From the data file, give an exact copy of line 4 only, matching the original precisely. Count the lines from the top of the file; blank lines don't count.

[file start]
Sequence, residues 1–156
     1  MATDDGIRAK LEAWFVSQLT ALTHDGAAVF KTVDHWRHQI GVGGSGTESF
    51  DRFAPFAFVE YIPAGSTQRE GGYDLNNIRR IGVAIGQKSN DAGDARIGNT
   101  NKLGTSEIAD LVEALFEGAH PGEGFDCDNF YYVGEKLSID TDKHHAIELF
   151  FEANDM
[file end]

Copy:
   101  NKLGTSEIAD LVEALFEGAH PGEGFDCDNF YYVGEKLSID TDKHHAIELF